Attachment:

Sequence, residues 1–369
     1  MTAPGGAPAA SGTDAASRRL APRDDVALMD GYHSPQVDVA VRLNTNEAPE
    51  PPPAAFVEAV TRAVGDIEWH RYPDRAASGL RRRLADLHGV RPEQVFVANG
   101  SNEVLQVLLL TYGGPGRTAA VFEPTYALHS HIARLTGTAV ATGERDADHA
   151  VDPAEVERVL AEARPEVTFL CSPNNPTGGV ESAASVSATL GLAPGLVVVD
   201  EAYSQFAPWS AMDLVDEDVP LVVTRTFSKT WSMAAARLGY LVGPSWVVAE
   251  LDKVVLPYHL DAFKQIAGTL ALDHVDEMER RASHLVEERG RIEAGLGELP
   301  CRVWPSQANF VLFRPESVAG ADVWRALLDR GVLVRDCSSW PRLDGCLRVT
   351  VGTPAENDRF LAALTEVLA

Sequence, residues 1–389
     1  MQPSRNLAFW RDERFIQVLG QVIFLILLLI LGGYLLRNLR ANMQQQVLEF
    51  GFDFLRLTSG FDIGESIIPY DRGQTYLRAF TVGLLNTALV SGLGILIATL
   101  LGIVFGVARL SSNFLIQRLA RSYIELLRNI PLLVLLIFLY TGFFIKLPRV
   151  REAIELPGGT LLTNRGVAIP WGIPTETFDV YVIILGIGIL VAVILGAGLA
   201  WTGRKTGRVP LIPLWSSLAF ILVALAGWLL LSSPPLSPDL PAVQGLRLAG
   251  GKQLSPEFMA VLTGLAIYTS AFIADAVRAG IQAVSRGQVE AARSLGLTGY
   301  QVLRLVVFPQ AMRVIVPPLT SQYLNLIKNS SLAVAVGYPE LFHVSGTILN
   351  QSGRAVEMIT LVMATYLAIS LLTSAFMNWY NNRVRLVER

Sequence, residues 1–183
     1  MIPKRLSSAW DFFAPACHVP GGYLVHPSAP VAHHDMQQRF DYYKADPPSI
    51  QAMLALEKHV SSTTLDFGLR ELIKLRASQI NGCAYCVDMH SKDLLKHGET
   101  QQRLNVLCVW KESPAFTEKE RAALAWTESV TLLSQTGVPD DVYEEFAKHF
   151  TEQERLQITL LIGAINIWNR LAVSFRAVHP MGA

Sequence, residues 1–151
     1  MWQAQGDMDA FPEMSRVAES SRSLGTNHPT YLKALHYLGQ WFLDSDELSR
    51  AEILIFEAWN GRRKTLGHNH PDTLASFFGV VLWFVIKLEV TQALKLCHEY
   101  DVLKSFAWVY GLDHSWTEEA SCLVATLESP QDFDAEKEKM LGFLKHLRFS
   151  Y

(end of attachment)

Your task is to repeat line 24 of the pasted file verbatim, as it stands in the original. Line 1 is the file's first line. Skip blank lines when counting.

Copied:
Sequence, residues 1–151